No-code development has been slowly making its way into enterprise settings for more than a decade, but only lately has it begun to enter the mainstream. As the need for rapid software upgrades and continuous integration/continuous development (CI/CD) takes shape, organizations are desperately looking for an inexpensive, high-speed way to push new services into the workplace.
But while no-code, and its sister framework low-code, has the potential to vastly increase the pace and diversity of software development, pretty much by turning anybody into a developer, is it really ready for production environments? (Read also: How Low Code Development Will Bring Data Science to the Masses.)
What is No-Code Development?
Put simply, no-code is the ability to create software products using drag-and-drop icons and intuitive, simple sentences and phrases instead of the rarified coding languages that programmers must master. In this way, business executives, office workers, factory workers and others can create their own solutions to digital problems, and then share them with others.
Despite its fairly long history, no-code is still largely unknown in the business community. In a recent survey of more than 1,000 knowledge workers in multiple industries conducted by FormStack, less than 20 percent of respondents knew how to properly define no-code, even though more than a third were able to identify some of the no-code platforms already on the market. Part of the disconnect may be due to the fact that the term "no-code", this is a bit misleading. Although the so-called non-developer might not deal with the actual code, code is definitely there, it’s just that they don’t have get to see it.
This is not necessarily a bad thing because it shows how no-code is making inroads into the enterprise without a formalized deployment effort. People start using it simply because it makes their jobs easier. This can be highly beneficial to organizations, particularly those that are undergoing the complex process known as digital transformation. Not only will organizations see greater efficiency in both critical and non-critical processes, but the pace of innovation should increase dramatically even as the cost of development goes down.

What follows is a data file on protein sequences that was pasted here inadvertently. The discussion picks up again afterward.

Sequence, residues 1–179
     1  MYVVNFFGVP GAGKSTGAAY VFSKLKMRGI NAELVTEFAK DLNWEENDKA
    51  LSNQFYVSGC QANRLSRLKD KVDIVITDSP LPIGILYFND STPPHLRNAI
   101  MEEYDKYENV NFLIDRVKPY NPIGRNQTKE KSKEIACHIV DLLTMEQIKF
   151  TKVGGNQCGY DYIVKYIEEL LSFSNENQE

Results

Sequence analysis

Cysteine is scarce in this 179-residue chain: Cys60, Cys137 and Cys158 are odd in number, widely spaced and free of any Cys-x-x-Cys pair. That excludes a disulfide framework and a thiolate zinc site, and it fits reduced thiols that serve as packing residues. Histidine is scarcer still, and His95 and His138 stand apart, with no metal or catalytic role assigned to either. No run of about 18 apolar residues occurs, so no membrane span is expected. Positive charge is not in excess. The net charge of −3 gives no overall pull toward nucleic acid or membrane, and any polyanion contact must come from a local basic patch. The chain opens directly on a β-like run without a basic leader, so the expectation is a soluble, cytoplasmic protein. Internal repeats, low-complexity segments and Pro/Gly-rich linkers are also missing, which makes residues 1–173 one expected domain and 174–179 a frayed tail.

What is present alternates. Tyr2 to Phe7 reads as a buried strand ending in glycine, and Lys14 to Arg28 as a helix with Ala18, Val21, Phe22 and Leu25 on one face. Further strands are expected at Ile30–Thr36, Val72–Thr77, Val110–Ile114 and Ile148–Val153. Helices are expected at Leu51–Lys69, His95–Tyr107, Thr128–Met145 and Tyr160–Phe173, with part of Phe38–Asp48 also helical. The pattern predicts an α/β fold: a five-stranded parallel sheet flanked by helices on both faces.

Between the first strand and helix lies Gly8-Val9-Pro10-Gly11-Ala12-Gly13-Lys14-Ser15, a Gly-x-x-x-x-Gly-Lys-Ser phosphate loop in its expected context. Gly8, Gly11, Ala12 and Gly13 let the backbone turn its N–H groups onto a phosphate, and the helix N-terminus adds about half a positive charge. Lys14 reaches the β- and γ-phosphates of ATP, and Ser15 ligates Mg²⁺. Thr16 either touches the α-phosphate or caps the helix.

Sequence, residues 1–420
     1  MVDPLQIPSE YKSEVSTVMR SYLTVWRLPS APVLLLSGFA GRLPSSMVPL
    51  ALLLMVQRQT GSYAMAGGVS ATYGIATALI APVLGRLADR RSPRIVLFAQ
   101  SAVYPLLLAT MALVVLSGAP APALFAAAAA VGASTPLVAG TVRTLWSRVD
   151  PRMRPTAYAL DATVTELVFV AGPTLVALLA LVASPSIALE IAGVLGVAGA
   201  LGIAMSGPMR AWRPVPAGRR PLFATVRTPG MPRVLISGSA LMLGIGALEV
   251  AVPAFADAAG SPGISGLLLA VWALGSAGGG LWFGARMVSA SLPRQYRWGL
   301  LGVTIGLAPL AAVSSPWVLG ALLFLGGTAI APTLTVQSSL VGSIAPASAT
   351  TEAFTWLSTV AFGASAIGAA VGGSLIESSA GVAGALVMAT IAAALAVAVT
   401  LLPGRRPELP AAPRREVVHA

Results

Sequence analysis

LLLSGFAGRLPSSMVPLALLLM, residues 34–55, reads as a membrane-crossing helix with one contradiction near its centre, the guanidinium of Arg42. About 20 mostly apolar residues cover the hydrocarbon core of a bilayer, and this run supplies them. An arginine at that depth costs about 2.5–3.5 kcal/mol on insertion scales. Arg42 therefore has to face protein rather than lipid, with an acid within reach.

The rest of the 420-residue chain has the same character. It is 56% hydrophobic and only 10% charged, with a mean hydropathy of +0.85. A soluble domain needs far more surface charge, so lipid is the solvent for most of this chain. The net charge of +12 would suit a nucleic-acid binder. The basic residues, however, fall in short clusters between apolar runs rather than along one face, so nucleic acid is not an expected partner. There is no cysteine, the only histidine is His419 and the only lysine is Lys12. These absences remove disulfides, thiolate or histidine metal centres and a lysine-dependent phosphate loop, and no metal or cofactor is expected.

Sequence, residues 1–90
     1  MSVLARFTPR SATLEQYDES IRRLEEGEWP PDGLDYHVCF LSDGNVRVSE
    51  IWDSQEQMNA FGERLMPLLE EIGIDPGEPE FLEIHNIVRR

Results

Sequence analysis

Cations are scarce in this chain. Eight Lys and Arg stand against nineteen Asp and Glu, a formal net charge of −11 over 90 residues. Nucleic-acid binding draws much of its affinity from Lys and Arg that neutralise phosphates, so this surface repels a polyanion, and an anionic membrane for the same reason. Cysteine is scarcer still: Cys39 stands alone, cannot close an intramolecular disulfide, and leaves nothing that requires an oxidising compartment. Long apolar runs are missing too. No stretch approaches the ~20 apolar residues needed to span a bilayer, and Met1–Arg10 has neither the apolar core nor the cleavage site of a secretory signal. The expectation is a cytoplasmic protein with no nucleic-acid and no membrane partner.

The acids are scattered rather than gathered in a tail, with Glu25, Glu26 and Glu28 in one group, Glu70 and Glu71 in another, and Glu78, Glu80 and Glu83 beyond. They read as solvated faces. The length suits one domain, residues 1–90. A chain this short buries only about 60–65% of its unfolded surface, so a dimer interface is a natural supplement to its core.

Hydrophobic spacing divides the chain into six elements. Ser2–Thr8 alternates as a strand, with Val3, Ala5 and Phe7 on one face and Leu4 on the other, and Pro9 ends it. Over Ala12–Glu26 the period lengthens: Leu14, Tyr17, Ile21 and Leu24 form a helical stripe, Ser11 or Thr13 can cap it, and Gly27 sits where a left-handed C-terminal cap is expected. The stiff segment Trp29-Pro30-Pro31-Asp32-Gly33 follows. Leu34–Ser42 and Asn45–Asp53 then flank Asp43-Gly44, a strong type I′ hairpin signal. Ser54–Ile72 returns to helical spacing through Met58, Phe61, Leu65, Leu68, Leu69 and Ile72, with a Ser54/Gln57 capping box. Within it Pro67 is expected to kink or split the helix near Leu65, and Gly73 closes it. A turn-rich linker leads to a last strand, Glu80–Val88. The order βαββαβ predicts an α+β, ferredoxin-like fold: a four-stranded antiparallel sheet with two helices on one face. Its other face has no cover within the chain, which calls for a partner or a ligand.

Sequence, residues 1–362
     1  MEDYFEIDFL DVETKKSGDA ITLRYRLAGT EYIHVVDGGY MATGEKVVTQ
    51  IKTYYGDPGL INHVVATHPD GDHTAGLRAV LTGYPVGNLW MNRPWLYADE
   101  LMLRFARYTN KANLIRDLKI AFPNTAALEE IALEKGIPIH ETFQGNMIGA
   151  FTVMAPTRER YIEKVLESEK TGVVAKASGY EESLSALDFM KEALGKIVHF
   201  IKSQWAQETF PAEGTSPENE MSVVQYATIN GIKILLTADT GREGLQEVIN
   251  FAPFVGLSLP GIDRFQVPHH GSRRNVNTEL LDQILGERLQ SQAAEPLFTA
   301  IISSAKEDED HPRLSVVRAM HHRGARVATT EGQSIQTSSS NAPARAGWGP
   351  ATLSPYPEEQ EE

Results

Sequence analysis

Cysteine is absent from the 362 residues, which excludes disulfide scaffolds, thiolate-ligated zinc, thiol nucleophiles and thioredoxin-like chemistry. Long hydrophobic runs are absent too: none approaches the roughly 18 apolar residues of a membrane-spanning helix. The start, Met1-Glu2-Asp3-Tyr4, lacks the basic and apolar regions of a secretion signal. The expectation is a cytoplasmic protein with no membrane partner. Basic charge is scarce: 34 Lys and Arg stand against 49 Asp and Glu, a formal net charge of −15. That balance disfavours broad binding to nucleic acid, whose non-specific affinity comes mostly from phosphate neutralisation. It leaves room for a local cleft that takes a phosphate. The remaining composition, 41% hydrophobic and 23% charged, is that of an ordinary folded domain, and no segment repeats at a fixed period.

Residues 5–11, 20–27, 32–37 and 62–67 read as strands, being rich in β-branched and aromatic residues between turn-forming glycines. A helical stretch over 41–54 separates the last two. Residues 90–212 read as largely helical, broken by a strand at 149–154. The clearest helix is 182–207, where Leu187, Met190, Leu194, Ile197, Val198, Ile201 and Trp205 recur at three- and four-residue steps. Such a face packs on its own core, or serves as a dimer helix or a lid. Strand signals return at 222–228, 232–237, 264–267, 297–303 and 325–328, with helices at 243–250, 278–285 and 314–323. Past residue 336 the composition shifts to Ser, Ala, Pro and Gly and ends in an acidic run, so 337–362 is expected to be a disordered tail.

The challenge, of course, will be maintaining proper policy, security and other controls on this new form of software creation. As CMS Wire’s David Roe noted recently, an effective strategy is to create a “fusion developer team” made up of no/low-code developers and IT professionals who know the ins and outs of deploying applications. In this way, you get the benefit of robust applications created by the very people who need them coupled with the ability to integrate them properly into the workplace.
To ensure security issues are addressed, full testing should still take place in this framework. This would cover non-functional testing (NFT), Integration Testing and Pen-testing, and be conducted prior to any operational deployment.
No/low-code should also benefit greatly from the new forms of automation and artificial intelligence entering the channel. Natural language processing, for one, allows machines to understand human speech, opening up the possibility that whenever someone wants a new kind of digital process or function, all they have to do is ask for it. (Read also: Automation: The Future of Data Science and Machine Learning?)